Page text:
2010 marks the 40th Anniversary of the founding of the Dalton Genealogical Society and we will hold a special Gathering and Annual General Meeting in Surrey, England over the weekend of Fri/Sat/Sun 30th/31st July/1st August. Arrangements have been made for the main events on the Saturday to take place at the Surrey National Golf Club, Chaldon, Surrey. These will include our conference during the day and a splendid celebratory dinner in the evening. The conference programme will include guest speakers and our AGM, and there will also be entertainment in the evening. The theme of the weekend will be Daltons in Surrey and we will arrange a programme of activities and visits for the Friday and the Sunday. Accommodation will be available locally. The Surrey National Golf Club is beautifully situated and has a modern clubhouse with excellent conference and dining facilities. Further information may be found at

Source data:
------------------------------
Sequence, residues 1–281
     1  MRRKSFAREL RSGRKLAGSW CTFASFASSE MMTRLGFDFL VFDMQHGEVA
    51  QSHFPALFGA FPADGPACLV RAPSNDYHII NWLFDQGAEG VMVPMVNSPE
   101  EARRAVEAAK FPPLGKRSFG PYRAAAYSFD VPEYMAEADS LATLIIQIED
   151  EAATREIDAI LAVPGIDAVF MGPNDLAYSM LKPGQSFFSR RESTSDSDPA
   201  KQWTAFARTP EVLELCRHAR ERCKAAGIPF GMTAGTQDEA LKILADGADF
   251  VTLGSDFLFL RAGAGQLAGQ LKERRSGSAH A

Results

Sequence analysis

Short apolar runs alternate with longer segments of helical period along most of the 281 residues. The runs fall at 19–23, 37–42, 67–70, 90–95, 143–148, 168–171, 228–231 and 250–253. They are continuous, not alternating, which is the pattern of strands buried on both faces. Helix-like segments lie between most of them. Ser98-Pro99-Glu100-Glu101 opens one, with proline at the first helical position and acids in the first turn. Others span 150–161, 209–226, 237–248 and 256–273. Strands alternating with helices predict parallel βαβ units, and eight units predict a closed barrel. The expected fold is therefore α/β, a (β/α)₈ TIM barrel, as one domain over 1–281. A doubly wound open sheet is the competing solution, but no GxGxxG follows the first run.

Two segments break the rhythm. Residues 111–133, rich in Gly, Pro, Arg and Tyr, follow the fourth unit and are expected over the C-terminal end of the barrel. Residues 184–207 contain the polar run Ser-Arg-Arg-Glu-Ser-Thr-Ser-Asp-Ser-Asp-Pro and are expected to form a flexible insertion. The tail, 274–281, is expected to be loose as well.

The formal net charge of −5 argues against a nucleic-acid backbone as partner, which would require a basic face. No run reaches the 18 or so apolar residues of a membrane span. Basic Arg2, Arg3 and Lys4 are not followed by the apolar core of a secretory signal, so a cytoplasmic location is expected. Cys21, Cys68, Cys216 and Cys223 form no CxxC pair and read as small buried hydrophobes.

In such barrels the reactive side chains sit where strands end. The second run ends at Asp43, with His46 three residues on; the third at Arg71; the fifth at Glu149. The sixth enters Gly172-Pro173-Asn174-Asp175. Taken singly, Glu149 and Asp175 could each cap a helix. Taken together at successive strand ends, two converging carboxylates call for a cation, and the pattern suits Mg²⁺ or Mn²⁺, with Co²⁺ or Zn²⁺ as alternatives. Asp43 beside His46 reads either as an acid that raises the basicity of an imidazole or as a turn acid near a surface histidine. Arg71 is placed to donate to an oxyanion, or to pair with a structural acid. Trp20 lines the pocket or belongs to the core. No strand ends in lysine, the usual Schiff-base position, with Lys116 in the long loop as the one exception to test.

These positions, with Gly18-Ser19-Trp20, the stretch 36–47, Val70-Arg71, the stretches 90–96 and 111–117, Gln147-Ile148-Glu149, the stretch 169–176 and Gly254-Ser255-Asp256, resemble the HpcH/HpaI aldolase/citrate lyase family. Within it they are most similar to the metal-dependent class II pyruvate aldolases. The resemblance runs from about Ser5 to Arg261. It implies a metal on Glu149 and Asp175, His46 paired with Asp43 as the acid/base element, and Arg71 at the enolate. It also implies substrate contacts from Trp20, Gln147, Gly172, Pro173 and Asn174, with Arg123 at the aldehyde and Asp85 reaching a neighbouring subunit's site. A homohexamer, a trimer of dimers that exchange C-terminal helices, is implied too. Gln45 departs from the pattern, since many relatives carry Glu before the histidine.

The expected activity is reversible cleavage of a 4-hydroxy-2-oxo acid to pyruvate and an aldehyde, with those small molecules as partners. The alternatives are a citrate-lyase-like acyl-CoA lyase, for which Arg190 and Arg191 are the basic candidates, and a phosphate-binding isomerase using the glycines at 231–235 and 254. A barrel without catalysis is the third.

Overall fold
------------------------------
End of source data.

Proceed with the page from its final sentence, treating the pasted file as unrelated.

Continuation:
More detailed planning for this 40th Anniversary celebration is now under way and further details will be announced here in “Daltons in History” in due course. In the meantime, please reserve the dates in your diary now. We hope that many members and their families will join us for this very special weekend, and that overseas members will use it as an opportunity to visit other parts of the UK as well.

For 2011 and beyond we have a number of suggestions already. We are planning that the Annual Gathering for 2011 should take place in the United States and a further announcement will be made about this in the next few weeks. If you have any particular thoughts about where you might like to meet, or a particular Dalton theme you think we should incorporate, we would really like to hear from you with your ideas.

The Dalton International DNA Project (DIDP)